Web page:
The lens is near the front of your eye, just behind your iris – the coloured part of your eye. Your lens is normally clear and helps you to see things in focus. It directs light rays on to the back of your eyeball (retina), to form an image, which is then sent to your brain. Your lens can change its shape to allow you to see things near and far away. If your lens becomes cloudy from a cataract, your vision will become blurred.
There are three main types of cataract.
- Nuclear cataracts. These may make it difficult for you to recognise the intensity of colours. If you have nuclear cataracts, your reading vision won’t normally change.
- Cortical cataracts. These can cause you problems with glare if you drive. You may also have difficulty reading and find sunlight uncomfortable during the winter because of the sun being lower on the horizon and shining into your eyes.
- Subcapsular cataracts. These can make your vision poor during the daytime, making it difficult for you to drive. You may also have difficulty reading.
Your symptoms will depend on where your cataract is on your lens, its size and if you have a cataract in one or both eyes. The most common symptoms are listed below.
- Cloudy or blurry vision.
- Frequent changes to the prescription of your glasses or contact lenses.
- You may get more glare or see halos from lights or the sun. It may make driving at night difficult because of the glare caused by oncoming vehicle headlights.
- Colours may seem washed out or faded.
These symptoms may be caused by problems other than cataracts. If you have any of these symptoms, see your optometrist (a registered health professional who examines eyes, tests sight and dispenses glasses and contact lenses) for advice.
If you think you have symptoms of cataracts, you should have your eyes tested by an optometrist. He or she will look into your eyes using a special instrument called an ophthalmoscope. Your optometrist will refer you to an ophthalmologist (a doctor specialising in eye health) if he or she suspects you have cataracts.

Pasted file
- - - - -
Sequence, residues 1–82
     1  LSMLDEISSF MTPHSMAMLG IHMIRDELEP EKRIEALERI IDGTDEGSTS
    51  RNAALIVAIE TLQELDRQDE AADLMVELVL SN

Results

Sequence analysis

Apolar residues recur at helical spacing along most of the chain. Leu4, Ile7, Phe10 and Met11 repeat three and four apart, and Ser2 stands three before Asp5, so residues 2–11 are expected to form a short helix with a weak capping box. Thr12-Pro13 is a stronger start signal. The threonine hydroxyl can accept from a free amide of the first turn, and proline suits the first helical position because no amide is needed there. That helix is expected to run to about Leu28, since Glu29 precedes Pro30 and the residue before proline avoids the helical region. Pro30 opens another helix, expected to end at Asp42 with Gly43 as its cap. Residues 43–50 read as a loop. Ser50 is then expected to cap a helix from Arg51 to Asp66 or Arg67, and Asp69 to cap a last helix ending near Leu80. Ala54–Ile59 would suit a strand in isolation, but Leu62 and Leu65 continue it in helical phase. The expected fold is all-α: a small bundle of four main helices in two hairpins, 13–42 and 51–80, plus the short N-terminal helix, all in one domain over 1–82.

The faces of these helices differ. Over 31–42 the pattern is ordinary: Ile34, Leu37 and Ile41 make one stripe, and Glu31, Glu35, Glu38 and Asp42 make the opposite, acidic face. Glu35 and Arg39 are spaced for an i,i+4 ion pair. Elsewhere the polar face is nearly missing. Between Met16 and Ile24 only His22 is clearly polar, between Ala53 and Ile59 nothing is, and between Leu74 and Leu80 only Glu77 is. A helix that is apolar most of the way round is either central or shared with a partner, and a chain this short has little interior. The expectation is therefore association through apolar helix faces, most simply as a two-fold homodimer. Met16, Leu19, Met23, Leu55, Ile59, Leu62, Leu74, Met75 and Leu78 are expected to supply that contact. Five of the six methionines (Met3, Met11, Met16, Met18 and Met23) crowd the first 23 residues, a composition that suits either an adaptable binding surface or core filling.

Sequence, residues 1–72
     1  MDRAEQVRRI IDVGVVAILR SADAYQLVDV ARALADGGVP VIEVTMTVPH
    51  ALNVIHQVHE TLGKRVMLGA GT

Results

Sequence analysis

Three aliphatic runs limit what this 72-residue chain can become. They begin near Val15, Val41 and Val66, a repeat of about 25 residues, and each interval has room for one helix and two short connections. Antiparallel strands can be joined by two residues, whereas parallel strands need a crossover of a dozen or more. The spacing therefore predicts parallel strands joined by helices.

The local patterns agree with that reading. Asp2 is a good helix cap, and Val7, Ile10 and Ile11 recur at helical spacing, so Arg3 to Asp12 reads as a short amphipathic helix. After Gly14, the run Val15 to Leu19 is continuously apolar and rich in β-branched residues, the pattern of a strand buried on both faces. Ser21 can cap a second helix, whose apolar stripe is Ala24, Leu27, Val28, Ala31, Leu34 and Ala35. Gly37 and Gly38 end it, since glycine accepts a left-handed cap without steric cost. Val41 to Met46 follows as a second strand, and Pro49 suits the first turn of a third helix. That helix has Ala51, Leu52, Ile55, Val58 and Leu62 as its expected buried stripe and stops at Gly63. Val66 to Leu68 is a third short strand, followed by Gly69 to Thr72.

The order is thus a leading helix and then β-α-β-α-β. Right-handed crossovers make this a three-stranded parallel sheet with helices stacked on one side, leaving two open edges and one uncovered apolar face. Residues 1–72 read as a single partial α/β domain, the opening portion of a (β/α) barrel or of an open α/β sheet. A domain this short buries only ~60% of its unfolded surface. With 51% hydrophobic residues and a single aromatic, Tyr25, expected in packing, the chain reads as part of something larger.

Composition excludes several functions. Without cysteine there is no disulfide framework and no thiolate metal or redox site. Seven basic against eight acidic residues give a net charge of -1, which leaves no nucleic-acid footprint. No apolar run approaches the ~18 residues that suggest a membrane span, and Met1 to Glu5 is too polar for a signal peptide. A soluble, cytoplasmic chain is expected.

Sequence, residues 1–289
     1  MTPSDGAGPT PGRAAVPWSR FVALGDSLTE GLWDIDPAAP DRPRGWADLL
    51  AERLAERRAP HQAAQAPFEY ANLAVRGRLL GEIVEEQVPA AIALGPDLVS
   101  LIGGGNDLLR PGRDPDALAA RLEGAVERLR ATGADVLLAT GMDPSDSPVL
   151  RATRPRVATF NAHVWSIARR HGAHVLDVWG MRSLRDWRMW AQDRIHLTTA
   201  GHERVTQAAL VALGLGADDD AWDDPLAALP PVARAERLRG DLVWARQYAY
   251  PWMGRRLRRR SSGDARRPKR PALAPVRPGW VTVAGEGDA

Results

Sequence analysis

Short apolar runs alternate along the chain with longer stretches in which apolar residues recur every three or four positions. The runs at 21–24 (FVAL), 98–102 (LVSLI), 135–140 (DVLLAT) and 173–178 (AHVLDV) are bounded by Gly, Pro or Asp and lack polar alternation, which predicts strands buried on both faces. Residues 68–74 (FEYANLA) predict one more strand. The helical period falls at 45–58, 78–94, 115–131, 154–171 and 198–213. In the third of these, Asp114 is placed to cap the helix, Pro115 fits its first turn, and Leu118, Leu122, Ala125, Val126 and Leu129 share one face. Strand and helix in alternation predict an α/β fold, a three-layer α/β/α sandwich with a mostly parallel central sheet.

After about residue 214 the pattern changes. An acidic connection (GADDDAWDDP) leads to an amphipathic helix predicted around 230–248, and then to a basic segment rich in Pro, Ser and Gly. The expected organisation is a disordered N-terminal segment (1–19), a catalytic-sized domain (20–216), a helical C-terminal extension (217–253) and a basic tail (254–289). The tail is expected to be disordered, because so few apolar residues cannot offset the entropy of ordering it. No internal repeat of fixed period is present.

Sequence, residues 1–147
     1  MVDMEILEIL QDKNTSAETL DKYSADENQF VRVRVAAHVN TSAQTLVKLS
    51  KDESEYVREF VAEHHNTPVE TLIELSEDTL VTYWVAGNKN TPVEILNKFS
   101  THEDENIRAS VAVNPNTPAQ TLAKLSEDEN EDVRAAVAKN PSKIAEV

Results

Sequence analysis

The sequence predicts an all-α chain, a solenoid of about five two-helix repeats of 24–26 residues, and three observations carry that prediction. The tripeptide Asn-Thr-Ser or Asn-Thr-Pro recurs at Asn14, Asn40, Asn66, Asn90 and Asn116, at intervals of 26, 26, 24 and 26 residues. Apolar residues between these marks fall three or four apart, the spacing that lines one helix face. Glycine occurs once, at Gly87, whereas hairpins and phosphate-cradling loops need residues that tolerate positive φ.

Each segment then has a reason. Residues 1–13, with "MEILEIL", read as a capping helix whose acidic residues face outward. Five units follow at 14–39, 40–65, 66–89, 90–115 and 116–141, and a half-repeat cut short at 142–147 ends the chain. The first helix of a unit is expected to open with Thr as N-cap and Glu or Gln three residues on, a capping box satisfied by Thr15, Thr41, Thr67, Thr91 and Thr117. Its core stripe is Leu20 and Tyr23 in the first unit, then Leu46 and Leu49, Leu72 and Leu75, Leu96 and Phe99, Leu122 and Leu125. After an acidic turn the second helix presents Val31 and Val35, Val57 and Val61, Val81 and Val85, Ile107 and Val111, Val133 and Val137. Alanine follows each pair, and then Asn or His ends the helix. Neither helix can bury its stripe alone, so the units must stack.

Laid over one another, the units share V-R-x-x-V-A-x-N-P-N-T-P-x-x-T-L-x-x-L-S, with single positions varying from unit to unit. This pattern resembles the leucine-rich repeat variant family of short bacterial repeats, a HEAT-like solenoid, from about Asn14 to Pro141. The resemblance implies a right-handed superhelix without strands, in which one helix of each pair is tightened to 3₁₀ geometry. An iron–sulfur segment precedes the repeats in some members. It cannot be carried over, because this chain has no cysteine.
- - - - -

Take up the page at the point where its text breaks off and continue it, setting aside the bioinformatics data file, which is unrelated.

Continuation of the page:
Eye tests using standard charts will help identify worsening eyesight. It's quite common to be diagnosed with a cataract during a routine eye test without having any symptoms as changes in the lens tend to occur gradually over many years.
Wearing glasses and using brighter lighting may improve your vision to begin with, but your cataracts will probably get worse over time, so this will only be a temporary solution.
So far, no medicine has been found to slow down the development of cataracts, and there isn't a medicine or eye drop that can clear a clouded lens.
Replacing your cloudy lens with a new, artificial lens is the only way to improve your vision. The most common operation for this is called phacoemulsification. This usually takes about 30 minutes. The cloudy lens is destroyed with sound waves and taken out, and a lens made of a clear, artificial material, such as plastic or silicone, is put in. This is usually done under local anaesthesia or with anaesthetic drops. The anaesthetic completely blocks the feeling from your eye area and you will stay awake during the operation.
If you have a cataract in both eyes, the surgery to remove each one will be done at different times – usually four to eight weeks apart.
Cataracts are caused by changes in the structure of the lens of your eye. This is usually as a result of getting older.
There are other factors that may increase your risk of getting cataracts. These include:
- an injury to the eye
- other eye problems, such as uveitis
- exposure to ultraviolet (UV) light from sunlight
- long-term use of steroid medicines
- drinking too much alcohol
- a family history of cataracts
If left untreated, cataracts may eventually lead to blindness. However, cataracts are normally diagnosed and treated well before they severely affect your vision. Left untreated, your lens may become so cloudy that it will be like trying to see through fog.
Can I drive if I have cataracts?